Dave Perkins is an artist whose musical journey crisscrosses the map of American music. Perkins’ work as a guitarist includes playing bluegrass and swing with fiddle-great Vassar Clements, Texas renegade-country with Jerry Jeff Walker, singer-songwriter pop with Carole King, alternative rock with Chagall Guevara, folk with Guy Clark, blues and jazz with violinist Papa John Creach, alt-pop with Over The Rhine, reggae with Mystic Meditations, and industrial hard-core with Passafist. Then, there were the occasional odd jobs, such as accompanying Ray Charles on his “3/4 Time” video. If there is a style of American music that calls for guitar, chances are Dave Perkins has played it, and played it with passion and skill.
With Pistol City Holiness, Perkins comes full circle to his first love—the blues. “The blues was the first music to capture my imagination. It grabbed me because it was something other—alien—and, yet, at the same time, deeply familiar. I’ve never gotten over it. I’ve worked in a lot of different styles of music, but my approach to each one was and will always be shaped by the blues.”
Reflecting on the creation of Pistol City Holiness, Perkins says, “I wanted to make an album that brought back the excitement I felt when I first heard Muddy Waters, Cream, Fred McDowell, and Peter Green. And, I wanted to record with the musicians I shared the most history with.” Featured on the album are three of Perkins’ longest running musical relationships—Richard “Hombre” Price, Reese Wynans, and Mel Watts. Their musical association is decades deep. Like Perkins, each of these players has a significant performance pedigree with ties to artists like Stevie Ray Vaughan and Lucinda Williams.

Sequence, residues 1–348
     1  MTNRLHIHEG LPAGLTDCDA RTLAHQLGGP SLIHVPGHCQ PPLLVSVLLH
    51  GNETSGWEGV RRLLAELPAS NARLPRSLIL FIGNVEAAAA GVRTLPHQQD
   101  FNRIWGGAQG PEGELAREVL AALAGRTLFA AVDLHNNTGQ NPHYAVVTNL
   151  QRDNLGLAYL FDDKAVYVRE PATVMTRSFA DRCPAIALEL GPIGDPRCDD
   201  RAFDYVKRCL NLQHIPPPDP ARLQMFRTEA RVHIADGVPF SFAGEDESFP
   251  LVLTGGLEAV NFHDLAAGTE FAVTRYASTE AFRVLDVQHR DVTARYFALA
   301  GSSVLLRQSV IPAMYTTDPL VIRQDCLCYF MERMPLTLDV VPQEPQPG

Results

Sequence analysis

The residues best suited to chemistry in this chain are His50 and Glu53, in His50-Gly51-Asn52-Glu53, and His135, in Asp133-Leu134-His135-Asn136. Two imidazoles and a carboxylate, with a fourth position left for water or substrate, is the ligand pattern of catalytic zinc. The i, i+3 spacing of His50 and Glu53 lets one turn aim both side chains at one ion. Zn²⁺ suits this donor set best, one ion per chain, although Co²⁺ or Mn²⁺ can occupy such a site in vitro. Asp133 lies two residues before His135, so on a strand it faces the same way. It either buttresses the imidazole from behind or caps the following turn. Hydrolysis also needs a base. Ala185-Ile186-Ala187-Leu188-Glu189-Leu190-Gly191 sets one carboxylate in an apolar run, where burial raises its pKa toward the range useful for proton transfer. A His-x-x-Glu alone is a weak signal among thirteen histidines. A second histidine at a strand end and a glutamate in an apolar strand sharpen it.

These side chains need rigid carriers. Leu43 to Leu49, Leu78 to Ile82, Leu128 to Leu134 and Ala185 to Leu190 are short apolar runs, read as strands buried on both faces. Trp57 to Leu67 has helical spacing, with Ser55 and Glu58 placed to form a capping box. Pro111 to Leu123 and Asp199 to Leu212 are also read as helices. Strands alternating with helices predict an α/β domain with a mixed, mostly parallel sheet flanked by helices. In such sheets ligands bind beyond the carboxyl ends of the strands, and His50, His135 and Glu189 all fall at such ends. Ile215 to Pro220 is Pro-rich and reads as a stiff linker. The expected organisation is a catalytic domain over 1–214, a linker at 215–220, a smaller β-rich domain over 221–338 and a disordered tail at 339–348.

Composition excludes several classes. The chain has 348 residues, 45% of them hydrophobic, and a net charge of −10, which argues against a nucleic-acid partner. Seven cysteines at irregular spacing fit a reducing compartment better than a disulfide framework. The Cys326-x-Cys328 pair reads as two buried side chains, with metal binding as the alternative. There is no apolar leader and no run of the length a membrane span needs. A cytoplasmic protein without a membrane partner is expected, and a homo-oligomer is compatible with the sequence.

Pistol City Holiness builds on the model of the traditional Chicago blues band, where guitar, piano, and harmonica play important roles as solo instruments. Along with Perkins’ guitar and Wynans’ piano and organ, TJ Klay fills out the section on blues harp. Around those foundational elements, aspects of techno, southern and alternative rock are interwoven to create a bracing, muscular take on blues-inflected American music.
Much like his sound, Perkins’ lyrics are simultaneously traditional and innovative. Perkins brings a contemporary poetic sense to his treatment of the blues even when dealing with age-old themes. Long Eleven Road is the story of a blue-collar family’s forced dislocation in pursuit of illusive employment. In Break, Perkins speaks for the frustrated, hard working person denied their piece of the American dream; Perkins sings,
“The taste of life is oh so sweet—they’re finding money in the street—some folks live a life that’s charmed—some folks can go through hell unharmed. But, hard luck days have caught me in a corner for a kill—why does the road seem to always run up hill? I want a break that I don’t have to make!”
Two of the album’s songs revisit a topic that has been present in the blues since the beginning--religion and spirituality. With Preacher Blues, the womanizing, cult-of-personality preacher is Perkins’ target. On a more positive note, Revival speaks to the healing power of community for the prodigal son. Perkins’ songs, Flown and Bottles and Knives give fresh perspectives on the difficulties of relationships. Here, Perkins anchors the album by working with what has traditionally been the first topic of the blues—love, or, the lack of it.
A brew of musical energies, Pistol City Holiness blurs boundary lines between styles, and makes an artistic statement that speaks to the variety and depth of Perkins’ experience—musical and otherwise—all while keeping the blues as the emotional, musical, and spiritual center.